Second, this one, showing the level of per capita government spending. 82% of the world's poor live in countries with annual spending below $1,000 per person. I'm not so sure what to make of this. For those in countries with spending below $500, which looks like around half of the global poor, this puts paid to the notion that the poor all now live in middle income countries that should be funding their own social programmes without aid.

For those closer to the $1,000 mark, this is still really a pittance, but it's also more than enough to bring individuals above the poverty line with a direct cash transfer. How does it feel to live on less than $1.25 a day in a country where the government spends twice that much for you on public services?

19 September 2013

Where has all the education impact come from?

Lant Pritchett wrote an important paper back in 2000 called "Where has all the education gone." Despite a big increase in schooling in developing countries, there had been little increase on average in productivity.

Now I feel like we have the opposite problem - evidence that going to school has all sorts of wonderful impacts transforming lives

(- saves lives
- improves child nutrition
- increases job opportunities
- reduces child marriage
- reduces early birth
- makes people more tolerant
- leads to economic growth
- leads to more concern with the environment)

alongside evidence that many kids never actually learnt anything at school.

What's the deal? Are the positive impacts driven entirely by the kids who did learn something (the average treatment effect on both learners and non-learners), or is there something special and intangible (non-cognitive skills and character?) which kids can pick up from just sitting in a school even if they don't pick up any reading skills?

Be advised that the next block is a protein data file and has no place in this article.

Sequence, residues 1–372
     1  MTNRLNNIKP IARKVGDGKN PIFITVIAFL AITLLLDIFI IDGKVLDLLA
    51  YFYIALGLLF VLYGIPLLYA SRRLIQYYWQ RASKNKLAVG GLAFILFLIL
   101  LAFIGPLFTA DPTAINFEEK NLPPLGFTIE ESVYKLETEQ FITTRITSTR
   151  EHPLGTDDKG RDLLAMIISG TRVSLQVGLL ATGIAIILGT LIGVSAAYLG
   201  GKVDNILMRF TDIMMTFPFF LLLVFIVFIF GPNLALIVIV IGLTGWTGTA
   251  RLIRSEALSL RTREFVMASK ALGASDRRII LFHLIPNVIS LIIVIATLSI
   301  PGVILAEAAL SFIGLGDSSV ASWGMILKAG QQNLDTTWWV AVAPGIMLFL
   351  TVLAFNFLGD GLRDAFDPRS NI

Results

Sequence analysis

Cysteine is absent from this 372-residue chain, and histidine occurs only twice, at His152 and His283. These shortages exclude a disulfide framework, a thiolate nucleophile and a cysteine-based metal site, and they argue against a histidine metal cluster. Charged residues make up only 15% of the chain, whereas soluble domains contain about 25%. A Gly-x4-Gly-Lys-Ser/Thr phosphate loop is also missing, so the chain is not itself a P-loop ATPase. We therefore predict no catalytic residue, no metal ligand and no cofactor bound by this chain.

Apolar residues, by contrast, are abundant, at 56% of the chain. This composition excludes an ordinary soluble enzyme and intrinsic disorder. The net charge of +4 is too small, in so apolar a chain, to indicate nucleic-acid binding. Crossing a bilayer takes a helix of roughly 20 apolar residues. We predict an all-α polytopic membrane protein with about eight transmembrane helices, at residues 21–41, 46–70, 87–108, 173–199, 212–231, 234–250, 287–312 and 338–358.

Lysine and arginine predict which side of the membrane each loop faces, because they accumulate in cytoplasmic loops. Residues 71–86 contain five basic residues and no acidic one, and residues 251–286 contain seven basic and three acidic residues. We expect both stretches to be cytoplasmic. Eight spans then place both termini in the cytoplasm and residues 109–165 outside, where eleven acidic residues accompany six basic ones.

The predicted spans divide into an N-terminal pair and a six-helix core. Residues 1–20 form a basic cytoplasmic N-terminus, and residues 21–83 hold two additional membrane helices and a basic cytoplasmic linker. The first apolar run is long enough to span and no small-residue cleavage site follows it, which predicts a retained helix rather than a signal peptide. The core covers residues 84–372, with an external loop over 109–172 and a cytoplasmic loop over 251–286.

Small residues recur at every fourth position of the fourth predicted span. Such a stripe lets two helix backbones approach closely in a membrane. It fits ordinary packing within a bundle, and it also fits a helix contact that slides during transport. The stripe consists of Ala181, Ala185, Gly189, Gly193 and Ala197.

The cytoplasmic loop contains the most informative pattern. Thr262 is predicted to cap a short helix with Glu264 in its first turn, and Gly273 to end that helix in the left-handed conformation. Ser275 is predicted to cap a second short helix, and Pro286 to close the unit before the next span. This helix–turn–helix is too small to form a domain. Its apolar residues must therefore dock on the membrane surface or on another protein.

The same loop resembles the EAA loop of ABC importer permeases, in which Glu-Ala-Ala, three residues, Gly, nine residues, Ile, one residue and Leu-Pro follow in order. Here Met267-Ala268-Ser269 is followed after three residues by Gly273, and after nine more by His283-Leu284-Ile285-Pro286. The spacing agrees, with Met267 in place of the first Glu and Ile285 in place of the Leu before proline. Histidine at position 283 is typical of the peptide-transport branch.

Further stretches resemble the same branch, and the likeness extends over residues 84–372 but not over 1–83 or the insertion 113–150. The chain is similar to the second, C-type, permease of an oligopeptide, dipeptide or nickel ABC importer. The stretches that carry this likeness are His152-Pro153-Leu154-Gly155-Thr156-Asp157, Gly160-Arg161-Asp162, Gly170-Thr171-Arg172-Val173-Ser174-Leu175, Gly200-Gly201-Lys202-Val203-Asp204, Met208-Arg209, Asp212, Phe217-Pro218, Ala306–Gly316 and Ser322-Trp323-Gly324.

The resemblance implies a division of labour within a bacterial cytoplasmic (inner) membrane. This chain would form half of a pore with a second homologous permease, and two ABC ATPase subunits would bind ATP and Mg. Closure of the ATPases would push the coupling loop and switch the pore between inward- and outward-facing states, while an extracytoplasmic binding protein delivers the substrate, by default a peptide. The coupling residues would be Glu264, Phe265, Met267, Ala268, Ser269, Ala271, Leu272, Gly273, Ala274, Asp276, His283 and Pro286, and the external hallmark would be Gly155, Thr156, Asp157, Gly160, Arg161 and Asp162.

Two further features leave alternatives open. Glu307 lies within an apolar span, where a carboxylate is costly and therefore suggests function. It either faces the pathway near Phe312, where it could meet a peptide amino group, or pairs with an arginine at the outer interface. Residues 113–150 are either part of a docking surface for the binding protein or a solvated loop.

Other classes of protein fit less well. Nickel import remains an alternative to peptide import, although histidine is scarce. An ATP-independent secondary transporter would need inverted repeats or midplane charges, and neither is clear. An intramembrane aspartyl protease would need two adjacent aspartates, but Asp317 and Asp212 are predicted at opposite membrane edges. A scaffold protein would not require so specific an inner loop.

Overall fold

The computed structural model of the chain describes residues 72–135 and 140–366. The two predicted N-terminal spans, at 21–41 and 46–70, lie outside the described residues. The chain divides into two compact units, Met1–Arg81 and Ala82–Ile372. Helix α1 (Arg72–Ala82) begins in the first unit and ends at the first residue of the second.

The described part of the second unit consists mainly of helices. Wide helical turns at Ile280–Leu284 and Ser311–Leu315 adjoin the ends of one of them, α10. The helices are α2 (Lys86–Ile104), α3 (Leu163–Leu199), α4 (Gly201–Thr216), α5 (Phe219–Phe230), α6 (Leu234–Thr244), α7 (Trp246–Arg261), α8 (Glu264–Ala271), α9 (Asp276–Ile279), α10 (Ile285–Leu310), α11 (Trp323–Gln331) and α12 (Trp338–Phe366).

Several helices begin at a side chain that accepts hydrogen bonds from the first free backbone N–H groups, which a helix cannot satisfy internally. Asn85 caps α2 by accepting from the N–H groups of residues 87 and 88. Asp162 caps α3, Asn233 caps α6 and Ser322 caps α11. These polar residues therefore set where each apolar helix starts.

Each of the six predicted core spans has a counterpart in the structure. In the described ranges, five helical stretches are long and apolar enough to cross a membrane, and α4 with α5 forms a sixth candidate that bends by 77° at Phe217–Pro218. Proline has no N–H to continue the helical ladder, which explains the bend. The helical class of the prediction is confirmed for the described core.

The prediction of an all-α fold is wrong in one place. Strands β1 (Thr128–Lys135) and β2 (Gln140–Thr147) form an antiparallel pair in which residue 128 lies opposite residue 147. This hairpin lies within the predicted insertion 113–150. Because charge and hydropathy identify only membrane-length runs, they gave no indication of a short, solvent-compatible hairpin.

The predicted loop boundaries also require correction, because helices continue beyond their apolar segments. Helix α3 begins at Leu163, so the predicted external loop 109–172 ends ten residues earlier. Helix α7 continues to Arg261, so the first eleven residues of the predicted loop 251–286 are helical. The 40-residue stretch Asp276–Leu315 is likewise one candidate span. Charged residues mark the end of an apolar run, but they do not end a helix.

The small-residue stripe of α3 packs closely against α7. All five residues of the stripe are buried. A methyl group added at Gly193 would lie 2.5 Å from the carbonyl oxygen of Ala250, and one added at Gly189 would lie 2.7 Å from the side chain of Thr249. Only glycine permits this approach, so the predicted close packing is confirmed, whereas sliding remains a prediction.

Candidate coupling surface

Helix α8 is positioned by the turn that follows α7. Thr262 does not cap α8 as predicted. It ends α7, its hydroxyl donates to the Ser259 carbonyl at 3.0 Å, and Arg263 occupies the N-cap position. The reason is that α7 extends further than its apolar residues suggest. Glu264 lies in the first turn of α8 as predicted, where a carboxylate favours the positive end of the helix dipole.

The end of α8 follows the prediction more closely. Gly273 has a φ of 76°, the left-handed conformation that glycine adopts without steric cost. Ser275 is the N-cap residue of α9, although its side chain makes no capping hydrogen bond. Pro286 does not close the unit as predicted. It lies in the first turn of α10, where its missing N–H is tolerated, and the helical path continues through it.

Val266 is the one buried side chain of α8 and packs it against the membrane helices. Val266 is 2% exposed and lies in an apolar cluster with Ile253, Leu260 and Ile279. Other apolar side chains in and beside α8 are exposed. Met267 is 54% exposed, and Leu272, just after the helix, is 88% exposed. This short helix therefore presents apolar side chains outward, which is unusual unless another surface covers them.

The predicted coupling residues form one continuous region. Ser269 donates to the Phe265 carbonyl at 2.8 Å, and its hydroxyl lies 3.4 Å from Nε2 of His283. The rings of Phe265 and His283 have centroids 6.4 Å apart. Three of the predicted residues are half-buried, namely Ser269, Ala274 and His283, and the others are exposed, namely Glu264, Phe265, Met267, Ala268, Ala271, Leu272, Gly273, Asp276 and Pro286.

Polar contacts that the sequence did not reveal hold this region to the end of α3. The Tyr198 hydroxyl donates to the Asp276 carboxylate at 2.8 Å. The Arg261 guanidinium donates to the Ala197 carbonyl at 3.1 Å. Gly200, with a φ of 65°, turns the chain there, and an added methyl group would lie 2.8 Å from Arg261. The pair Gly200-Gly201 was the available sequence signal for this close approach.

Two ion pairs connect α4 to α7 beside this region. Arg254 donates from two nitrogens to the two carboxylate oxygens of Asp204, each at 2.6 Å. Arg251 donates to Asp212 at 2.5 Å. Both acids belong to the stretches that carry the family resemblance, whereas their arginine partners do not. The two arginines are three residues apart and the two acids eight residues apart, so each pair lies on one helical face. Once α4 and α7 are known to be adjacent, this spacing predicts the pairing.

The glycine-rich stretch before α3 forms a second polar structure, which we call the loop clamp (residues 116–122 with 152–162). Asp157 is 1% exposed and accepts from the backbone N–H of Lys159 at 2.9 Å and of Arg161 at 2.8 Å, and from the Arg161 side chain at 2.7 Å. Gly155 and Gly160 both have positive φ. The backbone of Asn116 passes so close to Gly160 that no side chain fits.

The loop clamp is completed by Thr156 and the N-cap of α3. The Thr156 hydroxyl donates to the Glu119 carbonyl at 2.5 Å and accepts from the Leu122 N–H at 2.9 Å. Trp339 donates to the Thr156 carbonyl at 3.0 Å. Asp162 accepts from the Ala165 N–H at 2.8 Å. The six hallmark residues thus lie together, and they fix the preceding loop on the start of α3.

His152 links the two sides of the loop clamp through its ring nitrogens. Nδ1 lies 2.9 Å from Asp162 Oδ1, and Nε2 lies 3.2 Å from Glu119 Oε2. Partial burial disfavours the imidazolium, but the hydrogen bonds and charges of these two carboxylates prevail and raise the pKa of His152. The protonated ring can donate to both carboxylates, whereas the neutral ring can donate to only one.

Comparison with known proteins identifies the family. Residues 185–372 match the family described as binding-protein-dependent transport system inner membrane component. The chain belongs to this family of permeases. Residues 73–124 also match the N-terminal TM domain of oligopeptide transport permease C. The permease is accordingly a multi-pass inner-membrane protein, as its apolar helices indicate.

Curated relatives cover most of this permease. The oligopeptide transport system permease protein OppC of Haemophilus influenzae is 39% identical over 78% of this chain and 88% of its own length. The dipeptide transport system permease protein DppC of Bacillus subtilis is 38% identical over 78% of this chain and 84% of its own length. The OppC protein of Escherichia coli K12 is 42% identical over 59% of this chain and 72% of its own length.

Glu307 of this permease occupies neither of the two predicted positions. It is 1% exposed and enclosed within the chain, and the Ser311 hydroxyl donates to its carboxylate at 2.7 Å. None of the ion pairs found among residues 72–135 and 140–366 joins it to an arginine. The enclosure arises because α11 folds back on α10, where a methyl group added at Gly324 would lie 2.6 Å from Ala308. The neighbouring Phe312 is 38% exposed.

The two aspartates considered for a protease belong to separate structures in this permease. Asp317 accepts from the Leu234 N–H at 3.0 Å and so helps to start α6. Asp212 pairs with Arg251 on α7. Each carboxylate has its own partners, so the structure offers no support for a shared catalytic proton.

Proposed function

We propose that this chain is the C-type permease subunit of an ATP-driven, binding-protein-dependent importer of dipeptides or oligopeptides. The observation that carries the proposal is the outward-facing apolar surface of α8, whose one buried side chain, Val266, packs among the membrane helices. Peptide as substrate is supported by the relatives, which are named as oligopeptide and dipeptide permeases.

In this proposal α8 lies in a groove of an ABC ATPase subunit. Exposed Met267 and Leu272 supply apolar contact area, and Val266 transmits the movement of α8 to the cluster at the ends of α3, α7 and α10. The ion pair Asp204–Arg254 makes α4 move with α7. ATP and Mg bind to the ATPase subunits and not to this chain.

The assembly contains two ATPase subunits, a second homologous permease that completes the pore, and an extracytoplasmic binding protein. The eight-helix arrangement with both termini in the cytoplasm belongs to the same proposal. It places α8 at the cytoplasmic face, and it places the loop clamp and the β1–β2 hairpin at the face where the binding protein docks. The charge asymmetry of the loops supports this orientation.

Any evidence?

18 September 2013

Do iPhones increase gender inequality?

DFID have just published a new "topic guide" (quick evidence review?) on low cost private schools by Claire Mcloughlin of the University of Birmingham.

This isn't a criticism necessarily of Claire, but I am struck by how strange it is that the focus of the debate leads with how private schools affect equity. We are talking about countries such as Nigeria and Pakistan with net primary enrolment rates of less than 75%. I struggle to see how it could be a bad thing in such a context if some parents choose to spend their own money on private schools for their kids, even if no poor parents could afford it and all girls were totally excluded. Doesn't that just mean fewer kids for the state sector to fund? Of course in reality the data suggests that private schools in many countries have roughly similar gender access as public schools, and many poor people (though perhaps not the very poorest) also access private schools.